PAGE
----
Soon after Brett Kavanaugh’s nomination for the Supreme Court, Democrat Senate Minority Leader Chuck Schumer announced total war on Kavanaugh. That war would not just be procedural, it would be personal:

Schumer chose to fight the nomination aggressively. On the night of the nomination, his office released a statement saying that he would “oppose Judge Kavanaugh’s nomination with everything I have, and I hope a bipartisan majority will do the same. The stakes are simply too high for anything less.” In addition, it has been reported that Schumer is cautioning fellow Democrats that they will face a uproar from their base if they do not fight the nomination. According to this report, Schumer has instructed his caucus to focus on criticizing Kavanaugh specifically rather than raising procedural objections. Schumer’s own statement, which asserts that Kavanaugh’s record indicates that he “would rule against reproductive rights and freedoms, and that he would welcome challenges to the constitutionality of the Affordable Care Act,” reflects this strategy. [Emphasis added]

Everything that has played out since then reflects this total personal war on Kavanaugh. There were weeks of Democrat claims that Kavanaugh being elevated to the Supreme Court would kill millions of people and enslave minorities and women.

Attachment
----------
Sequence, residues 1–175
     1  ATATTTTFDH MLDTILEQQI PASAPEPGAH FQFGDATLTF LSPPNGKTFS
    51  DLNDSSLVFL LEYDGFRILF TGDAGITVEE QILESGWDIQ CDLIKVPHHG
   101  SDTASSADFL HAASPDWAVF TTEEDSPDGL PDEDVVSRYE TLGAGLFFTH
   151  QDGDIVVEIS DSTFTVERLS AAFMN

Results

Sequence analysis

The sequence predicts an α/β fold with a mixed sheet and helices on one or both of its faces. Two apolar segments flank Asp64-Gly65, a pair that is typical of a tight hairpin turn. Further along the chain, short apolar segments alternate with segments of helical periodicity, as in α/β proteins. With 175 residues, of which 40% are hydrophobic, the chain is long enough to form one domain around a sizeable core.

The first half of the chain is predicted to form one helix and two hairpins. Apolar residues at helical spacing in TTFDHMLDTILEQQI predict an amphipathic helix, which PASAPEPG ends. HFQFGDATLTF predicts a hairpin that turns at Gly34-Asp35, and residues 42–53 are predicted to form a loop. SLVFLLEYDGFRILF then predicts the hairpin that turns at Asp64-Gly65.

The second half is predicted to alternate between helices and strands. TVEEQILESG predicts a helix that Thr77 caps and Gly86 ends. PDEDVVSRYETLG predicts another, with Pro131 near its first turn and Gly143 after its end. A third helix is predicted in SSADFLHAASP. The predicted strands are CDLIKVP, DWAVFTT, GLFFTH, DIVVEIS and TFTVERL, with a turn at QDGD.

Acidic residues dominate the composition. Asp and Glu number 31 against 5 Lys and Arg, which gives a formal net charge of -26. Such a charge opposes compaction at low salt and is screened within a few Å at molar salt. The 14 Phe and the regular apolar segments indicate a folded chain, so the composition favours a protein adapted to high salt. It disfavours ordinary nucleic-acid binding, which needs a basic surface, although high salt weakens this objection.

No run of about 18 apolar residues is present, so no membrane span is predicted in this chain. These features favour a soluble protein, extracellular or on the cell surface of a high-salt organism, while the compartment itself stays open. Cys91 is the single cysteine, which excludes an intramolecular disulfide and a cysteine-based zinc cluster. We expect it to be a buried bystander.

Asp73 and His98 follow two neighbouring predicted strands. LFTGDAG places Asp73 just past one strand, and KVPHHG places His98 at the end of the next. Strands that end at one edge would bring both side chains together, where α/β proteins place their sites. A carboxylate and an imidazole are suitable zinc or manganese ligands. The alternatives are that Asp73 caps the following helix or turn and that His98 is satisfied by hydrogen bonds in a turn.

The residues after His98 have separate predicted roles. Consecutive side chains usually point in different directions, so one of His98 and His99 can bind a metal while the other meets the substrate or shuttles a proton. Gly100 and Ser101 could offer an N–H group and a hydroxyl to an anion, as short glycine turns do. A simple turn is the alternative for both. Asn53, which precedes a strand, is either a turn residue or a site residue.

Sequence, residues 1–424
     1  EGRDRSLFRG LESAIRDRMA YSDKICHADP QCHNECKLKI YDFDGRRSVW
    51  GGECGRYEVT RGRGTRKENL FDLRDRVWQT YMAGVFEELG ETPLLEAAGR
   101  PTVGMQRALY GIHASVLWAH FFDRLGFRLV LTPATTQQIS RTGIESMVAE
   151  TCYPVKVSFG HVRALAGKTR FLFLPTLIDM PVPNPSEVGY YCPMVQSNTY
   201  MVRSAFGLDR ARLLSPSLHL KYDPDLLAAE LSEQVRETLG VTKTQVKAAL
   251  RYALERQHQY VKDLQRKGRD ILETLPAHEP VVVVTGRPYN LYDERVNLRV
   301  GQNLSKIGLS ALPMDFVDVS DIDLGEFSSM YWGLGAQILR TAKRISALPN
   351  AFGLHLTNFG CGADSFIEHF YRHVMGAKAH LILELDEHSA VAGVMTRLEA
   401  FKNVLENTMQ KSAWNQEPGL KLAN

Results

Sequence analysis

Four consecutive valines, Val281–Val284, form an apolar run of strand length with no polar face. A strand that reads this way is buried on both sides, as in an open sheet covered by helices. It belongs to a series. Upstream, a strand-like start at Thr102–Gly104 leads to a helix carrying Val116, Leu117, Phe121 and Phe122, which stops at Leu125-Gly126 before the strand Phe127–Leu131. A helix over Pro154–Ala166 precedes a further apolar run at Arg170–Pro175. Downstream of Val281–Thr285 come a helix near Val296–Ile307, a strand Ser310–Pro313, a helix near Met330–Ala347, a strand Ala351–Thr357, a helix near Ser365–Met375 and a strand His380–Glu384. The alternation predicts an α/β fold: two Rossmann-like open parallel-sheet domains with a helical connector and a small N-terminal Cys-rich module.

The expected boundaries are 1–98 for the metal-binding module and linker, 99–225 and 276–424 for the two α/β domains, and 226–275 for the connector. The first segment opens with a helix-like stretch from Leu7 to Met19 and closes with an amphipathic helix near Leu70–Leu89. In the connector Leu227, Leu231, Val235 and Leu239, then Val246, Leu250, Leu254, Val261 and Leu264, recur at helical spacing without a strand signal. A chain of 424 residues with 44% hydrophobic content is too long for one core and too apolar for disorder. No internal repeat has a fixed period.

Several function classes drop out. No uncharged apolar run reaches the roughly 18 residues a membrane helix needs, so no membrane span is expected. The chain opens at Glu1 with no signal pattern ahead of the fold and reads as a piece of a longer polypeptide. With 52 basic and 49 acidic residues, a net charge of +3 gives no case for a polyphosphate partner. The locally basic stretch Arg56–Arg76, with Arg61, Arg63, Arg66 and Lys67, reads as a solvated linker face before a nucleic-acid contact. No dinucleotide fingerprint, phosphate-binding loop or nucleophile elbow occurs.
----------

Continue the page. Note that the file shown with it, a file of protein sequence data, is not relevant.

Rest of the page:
Democrats brought protesters into the hearing room to scream at Kavanaugh. His childrten had to be escorted out of the room.

Democrat Senators were unseemly in how they conducted themselves.

Senator Kamala Harris circulated a dishonestly edited video of Kavanaugh’s testimony as to contraceptives. Senator Cory Booker performed for the cameras, declaring himself to be Spartacus. Senator Sheldon Whitehouse talked over Kavanaugh and then trotted out large posters portraying the “dark money” backing Kavanaugh’s nomination. Senator Patrick Leahy falsely suggested Kavanaugh perjured himself at his 2006 confirmation hearing, and again at these hearings. That false claim of perjury was amplified throughout anti-Trump social media.